"....On the occasion of their performance they gave us a demonstration of undiluted Jazz, and it must be admitted, despite all that has been thought and said to the contrary, there was a certain charm in the mournful refrains, dramatically broken by cheery jingles and a miscellany of noises such as one generally hears "off." At one moment the whole orchestra would down tools while one member tootled merrily or eerily on his own account, and then they would resume again, always ready to give a fair hearing to any other individual player who suddenly developed a "stunt." Everybody was perfectly happy, not excluding the audience who appreciated a novelty not inartistic."

Could this be the earliest description of a jazz solo being performed live?


Nick
Han Enderman sends the following comment.
<div><em>My impression is that this description refers to breaks, and the ODJB played many of them, I think more than any other group. The whole orchestra stops, "One member tootles merrily" and then the band resumes. The individual expression is the break, and not yet the solo.</em></div><div><em>Are there real solos on ODJB recordings, i.e. by an instrument accompanied only by rhythm (in this case p/d) ? </em></div><div><em>Maybe Shields in St. Louis Blues is the first solo (though with rhythmic sax effects?), and even the vocal is accompanied by the full band).</em></div><div><em>There are no solos on Lazy Daddy (1918) and Margie (1920), recorded before and after the UK trip.</em></div><div><em>A similar lack of real solos can be heard at the wonderful first recordings by the George Lewis band in New Orleans in 1943, with Kid Howard, trumpet. Here a "solo" means that one instrument plays louder, and the others softer.</em></div><div><em></em> </div><div>I would argue that Larry Shields definitely plays a 24-bar solo in "St Louis Blues." Listen at 2:20-2:56. Perhaps, the first clarinet solo in a jazz record.</div><div><em></em> </div><div>http://www.jazz-on-line.com/a/ramc/VIC25412-2.ram</div><div> </div><div>As to the description in "Town Topics" of April 12th, 1919, I believe that the statement  </div><div> </div><div><em>At one moment the whole orchestra would down tools while one member tootled merrily or eerily on his own account, and then they would resume again, always ready to give a fair hearing to any other individual player who suddenly developed a "stunt." </em></div><div><em></em> </div><div>could easily be applicable to "breaks" as well as to "solos." The writer calls these "stunts." Are they breaks or solos? I would guess both.</div><div> </div><div>I agree that few solos are heard in ODJB recordidngs. But how do we know what the band played in live performances? The band was not restricted by time constraints associated with the recording technology of the late 1910s and early 1920s. It is quite possible that they did play solos in live performances and that the writer of the "Town Topics" article not knowing what word to use to refer to solos used the word "stunt." Indeed, a solo is a stunt (Dictionary definition: <strong> </strong>A feat displaying unusual strength, skill, or daring.)</div><div> </div><div>Albert</div>
Reply
Like
Share

Glenda Childress
Glenda Childress

October 10th, 2011, 1:08 pm #8

I agree. As has been much discussed in many contexts, recording time was stringently limited back then, but we can imagine that in performances, especially playing for dancing, jazz performers even of this early period could and did "stretch" out a song, especially if it was being well received, throwing in extra choruses and soloing around the front line. We can reasonably speculate that they used the same body language cues to signal players to solo and when to go into the last chorus that we see today (e.g., the two quick one-footed stomps which means "Let's all hit it for the rideout!"to make sure everyone "finished together" which everyone could <em>feel</em> even if they weren't watching the lead player).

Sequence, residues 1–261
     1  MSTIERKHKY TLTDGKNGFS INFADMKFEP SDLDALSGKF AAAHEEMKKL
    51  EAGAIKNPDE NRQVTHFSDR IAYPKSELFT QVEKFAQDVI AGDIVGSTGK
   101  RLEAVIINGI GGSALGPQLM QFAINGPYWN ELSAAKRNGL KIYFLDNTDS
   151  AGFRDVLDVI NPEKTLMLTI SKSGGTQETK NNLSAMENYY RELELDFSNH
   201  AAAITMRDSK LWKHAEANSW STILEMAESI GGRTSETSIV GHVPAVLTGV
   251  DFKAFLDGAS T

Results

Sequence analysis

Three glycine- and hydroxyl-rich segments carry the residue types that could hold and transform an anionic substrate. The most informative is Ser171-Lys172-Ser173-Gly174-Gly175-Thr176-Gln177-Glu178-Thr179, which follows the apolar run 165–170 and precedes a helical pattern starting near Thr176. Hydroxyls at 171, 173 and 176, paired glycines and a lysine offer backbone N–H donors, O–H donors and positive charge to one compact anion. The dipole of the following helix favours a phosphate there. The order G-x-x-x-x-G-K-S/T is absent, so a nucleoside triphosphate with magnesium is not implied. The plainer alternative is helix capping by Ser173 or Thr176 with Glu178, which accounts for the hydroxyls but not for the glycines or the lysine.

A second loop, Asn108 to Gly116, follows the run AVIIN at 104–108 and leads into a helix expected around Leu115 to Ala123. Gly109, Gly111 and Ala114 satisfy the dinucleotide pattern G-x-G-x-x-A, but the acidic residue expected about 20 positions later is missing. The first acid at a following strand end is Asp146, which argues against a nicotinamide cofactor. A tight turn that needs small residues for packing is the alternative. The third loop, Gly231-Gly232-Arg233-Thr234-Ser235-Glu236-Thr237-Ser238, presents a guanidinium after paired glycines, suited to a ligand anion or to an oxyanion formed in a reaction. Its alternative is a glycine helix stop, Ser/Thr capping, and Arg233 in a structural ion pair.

We can't know for sure, but even in the ODJB's time bands in New Orleans had been playing for dancers and drinkers for decades and had to be able to stretch their repertoire to fit the circumstances. The players were improvising what they played in the ensemble sections (that's what makes it jazz), so soloing wouldn't be that different for them. After all, even classical music had a long tradition of soloing and featuring single section segment (horns, violins, woodwinds, etc.).
Reply
Share

Brad Kay
Brad Kay

October 16th, 2011, 7:00 am #9

The two choruses of blues by Larry Shields on "St. Louis Blues" is well on the way to being a jazz solo (or "Boston") as we understand the term. It's not improvised - but a carefully worked out set-piece that remained the same from performance to performance. However, since it does have all the attitude and feeling we expect from this music, and it is not part of the ensemble, I accept it as the first full-out "solo" on a jazz record.

But - if spontaneous invention is crucial to the art of soloing, then it remained for such players as Sidney Bechet, Louis Armstrong and Bix to put this art fairly on its rails.

I have always found it curious that before 1923, there isn't a hot improvised solo chorus or fraction thereof to be found on a record - only two-bar breaks. Then with the coming of the new year, suddenly full solos abound. On records from January '23 on, not only Bechet and Armstrong, but lots of other musicians, black and white, take the solo plunge. It seems a profound and lightning paradigm shift happened: Suddenly in dance and jazz bands, it was normal and expected that in the course of a hot number, one guy would stand up and strut his creative stuff. This was no quick-spreading fad that petered out after a time. It was a tidal wave that completely transformed our perception of music.

What caused this shift? Was it the "Hundredth Monkey Theory" in action? Louis Armstrong gets a lot of credit for making jazz over into a "Soloist's Art." But even he couldn't have altered the very modus operandi of the music in such short order as the evidence of phonograph records suggests.

-Brad Kay
Reply
Share

Brad Kay
Brad Kay

October 20th, 2011, 12:15 am #10

Reply
Share